It is September 11th today as I write this. We remember 9/11 and how it affected each one of us and aviation in general. We can never forget. We also are involved with the current events associated with hurricane Harvey and hurricane Irma. We pass on our thoughts and prayers for those affected and hope for a speedy recovery. If you can donate time, effort or money please do so. With that point many general aviation folks have participated in the rescue, evacuation of people and animals to safer locations, trans- ported needed supplies, medical supplies, food and water to many of our fellow citizens. GA is one of the most valuable resources available to assist in the time of need. It also brings to a point that the house may vote this week on HB 2997 for the privatization of ATC.I am sure that most of you have been contacted by EAA and other associations to contact your congressional repre- sentatives in an effort to vote against it. Please do so. You can also emphasize the capabilities of GA in the time of need that has recently has been displayed and that ATC privatization could impede the efforts by GA to help in the time of need.

Well let’s get back to more of the fun stuff. Several of our members made it to the north to view the solar eclipse. I am hoping several of you have forwarded some photos to John as it sounds like it was a great experience.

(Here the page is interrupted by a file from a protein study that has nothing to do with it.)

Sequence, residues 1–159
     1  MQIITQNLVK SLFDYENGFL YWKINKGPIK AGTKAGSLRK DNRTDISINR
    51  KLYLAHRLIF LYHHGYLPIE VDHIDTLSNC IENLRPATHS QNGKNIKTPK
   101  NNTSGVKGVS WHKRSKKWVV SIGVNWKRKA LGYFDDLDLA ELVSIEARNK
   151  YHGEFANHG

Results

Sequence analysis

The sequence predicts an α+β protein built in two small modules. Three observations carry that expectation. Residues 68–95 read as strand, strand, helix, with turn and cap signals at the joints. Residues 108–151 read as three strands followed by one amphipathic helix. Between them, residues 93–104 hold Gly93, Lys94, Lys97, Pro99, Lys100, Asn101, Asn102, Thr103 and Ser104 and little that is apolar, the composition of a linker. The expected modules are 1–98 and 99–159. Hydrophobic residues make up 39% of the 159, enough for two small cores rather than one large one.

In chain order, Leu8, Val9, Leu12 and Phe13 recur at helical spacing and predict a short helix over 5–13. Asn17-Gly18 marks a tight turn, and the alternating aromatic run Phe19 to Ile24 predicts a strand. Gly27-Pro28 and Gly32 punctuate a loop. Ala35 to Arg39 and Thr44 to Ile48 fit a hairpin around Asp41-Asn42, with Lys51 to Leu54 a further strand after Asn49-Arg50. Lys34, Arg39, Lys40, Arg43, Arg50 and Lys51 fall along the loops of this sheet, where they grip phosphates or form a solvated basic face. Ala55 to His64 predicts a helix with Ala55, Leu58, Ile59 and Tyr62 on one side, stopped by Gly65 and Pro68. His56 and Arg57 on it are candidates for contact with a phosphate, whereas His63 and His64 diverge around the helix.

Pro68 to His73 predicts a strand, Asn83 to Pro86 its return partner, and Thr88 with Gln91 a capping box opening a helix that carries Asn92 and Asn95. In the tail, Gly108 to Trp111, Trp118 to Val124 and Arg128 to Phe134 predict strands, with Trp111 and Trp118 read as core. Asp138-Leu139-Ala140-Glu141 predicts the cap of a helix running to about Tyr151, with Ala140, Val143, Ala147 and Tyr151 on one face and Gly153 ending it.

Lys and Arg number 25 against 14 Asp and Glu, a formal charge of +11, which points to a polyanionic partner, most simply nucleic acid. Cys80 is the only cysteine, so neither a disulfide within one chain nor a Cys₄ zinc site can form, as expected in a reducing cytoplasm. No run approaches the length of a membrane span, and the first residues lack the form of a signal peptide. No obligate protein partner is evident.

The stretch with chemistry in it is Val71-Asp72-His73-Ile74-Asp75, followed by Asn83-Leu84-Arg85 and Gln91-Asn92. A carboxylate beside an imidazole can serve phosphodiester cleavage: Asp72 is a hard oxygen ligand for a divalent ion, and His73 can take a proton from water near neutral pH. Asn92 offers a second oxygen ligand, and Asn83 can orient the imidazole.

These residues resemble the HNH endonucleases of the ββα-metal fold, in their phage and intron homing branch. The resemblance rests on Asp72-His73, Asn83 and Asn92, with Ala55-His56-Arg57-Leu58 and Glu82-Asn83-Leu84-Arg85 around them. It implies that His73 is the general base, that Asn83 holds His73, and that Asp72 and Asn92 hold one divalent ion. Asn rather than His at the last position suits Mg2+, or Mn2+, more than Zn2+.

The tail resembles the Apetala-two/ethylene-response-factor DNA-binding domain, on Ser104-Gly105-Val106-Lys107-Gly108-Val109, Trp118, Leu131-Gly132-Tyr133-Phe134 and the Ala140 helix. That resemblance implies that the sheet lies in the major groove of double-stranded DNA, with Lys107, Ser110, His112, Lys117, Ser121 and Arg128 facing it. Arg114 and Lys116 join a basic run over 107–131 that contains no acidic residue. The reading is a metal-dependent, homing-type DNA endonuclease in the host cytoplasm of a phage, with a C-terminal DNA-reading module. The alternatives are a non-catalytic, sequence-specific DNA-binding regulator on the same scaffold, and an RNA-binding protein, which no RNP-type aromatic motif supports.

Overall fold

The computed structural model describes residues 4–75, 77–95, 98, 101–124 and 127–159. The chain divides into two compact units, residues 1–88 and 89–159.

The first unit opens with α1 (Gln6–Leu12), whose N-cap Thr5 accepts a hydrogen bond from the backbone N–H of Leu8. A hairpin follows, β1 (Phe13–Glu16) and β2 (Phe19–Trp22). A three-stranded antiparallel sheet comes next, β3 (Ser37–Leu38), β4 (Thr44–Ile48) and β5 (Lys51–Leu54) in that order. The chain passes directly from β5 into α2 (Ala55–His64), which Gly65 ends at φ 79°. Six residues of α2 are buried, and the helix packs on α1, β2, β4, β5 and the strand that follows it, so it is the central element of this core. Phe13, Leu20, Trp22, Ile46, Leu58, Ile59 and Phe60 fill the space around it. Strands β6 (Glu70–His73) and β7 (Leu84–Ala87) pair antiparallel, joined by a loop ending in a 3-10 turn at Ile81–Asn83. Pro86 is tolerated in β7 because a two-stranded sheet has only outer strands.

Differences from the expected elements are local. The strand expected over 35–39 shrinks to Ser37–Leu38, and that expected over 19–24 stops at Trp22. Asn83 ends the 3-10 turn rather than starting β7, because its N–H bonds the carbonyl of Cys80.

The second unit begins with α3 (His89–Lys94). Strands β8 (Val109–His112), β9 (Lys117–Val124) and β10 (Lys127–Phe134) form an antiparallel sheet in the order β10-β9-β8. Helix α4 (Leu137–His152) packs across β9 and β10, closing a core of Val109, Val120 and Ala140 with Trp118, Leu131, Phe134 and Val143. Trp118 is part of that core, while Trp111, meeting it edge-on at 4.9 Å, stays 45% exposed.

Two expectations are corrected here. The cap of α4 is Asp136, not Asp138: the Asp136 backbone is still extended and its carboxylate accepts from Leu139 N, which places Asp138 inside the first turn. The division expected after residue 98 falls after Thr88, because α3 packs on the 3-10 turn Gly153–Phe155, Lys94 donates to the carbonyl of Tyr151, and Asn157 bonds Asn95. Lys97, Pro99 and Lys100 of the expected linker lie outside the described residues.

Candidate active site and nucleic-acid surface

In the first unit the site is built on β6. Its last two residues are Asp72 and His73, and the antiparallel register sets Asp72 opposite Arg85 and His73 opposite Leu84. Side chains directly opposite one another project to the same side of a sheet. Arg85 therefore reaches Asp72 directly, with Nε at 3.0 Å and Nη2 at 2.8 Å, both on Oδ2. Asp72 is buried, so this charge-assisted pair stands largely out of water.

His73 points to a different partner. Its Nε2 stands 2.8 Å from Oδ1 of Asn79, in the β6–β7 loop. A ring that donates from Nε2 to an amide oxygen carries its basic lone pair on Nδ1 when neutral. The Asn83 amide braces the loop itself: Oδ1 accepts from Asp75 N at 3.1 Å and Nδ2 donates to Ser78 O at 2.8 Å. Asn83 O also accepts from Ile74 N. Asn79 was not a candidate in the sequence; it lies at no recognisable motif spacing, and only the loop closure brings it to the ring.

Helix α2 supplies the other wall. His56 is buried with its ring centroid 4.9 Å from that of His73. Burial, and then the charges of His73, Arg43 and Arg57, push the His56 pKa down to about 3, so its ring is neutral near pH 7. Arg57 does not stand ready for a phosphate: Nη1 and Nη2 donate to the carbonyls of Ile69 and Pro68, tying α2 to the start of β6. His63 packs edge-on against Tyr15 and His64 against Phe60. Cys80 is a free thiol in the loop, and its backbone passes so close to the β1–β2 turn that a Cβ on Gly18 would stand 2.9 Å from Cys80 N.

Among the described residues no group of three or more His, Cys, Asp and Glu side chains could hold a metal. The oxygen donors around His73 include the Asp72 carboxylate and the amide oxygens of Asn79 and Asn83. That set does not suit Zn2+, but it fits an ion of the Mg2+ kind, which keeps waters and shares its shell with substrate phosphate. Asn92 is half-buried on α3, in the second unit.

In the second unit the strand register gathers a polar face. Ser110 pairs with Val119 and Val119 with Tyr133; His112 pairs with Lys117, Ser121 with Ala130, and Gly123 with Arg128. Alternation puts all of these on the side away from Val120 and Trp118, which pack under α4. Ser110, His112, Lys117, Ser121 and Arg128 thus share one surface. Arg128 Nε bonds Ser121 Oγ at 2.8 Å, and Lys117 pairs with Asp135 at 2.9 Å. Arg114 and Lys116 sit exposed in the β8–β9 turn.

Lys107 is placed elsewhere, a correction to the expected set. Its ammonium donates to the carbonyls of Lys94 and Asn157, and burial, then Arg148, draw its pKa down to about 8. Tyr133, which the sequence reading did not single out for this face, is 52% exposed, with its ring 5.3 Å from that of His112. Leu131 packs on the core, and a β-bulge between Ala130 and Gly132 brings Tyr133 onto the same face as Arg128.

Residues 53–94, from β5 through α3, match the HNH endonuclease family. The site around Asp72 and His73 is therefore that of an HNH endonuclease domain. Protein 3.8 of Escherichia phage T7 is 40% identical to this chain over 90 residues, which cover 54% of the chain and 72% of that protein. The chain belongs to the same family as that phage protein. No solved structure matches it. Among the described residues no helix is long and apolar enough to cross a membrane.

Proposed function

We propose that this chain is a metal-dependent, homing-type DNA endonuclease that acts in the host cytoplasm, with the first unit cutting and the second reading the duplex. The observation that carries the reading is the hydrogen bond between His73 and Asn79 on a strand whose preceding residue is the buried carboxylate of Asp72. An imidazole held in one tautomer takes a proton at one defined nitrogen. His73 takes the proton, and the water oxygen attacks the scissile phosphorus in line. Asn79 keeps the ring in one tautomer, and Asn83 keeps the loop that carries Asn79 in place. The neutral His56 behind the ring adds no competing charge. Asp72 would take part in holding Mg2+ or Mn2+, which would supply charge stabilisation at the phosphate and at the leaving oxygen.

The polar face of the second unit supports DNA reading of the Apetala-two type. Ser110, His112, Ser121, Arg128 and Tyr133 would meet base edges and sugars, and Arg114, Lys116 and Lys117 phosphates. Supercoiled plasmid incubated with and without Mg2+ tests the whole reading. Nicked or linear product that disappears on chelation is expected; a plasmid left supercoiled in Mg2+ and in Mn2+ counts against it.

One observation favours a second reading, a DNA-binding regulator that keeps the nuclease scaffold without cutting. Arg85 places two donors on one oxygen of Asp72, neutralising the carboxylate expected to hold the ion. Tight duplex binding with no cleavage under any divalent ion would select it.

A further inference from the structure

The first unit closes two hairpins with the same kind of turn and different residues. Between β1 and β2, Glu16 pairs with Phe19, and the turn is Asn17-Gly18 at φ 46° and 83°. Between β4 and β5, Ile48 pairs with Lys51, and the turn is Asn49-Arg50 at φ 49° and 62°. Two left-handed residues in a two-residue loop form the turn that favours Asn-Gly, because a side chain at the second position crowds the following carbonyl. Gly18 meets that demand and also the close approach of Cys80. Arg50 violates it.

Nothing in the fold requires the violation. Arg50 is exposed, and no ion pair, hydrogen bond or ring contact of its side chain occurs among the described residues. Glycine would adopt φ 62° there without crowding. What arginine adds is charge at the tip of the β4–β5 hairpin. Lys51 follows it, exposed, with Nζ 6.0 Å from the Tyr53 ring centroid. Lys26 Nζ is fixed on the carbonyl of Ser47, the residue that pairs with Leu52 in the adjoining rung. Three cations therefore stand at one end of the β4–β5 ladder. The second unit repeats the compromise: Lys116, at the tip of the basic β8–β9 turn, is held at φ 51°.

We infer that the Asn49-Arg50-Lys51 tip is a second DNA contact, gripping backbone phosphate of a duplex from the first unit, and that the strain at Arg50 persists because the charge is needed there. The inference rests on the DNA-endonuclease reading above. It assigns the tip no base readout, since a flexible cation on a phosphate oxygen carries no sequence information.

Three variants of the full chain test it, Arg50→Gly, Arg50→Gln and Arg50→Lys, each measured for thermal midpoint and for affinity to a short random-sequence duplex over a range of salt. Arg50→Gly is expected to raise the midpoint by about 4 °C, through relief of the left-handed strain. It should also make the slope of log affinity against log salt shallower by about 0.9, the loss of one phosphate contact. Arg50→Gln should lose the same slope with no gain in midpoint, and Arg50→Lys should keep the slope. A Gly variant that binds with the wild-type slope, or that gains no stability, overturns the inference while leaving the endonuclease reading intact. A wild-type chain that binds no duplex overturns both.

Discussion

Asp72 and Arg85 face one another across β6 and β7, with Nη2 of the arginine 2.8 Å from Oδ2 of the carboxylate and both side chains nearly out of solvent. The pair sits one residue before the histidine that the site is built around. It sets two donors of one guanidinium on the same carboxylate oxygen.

We had our second Young Eagles Rally August 26th. It went very well and we flew 24 kids. Thanks to Susan Myhre for heading the program, Don Brosh for taking the safety side and the pilots/crew that participated. We flew one young man named Seth. Seth was the most wonderful kid! He was excited, well informed, personable, courteous and intelligent kids I have ever flown in Young Eagles. It was well worth it to experience the interaction with him. Thanks to all of you that helped and set up the day be- fore. I think Susan is going to take a breather and wait till next year to set up another Young Eagles Rally.

Our chapter is getting ready to do the pan- cake breakfast at the Fremont County Airshow on September 16th. Liz Springer is heading up the Chapter effort and has sent an e-mail out out- lining activities and help needed for the break- fast. Please reply to her if you can help. It is a great way to build our funds for the Chapter.

Several fly ins and airshows are on the horizon. Hope you have time to attend some of them. Keep building and flying!

Terrence Terrill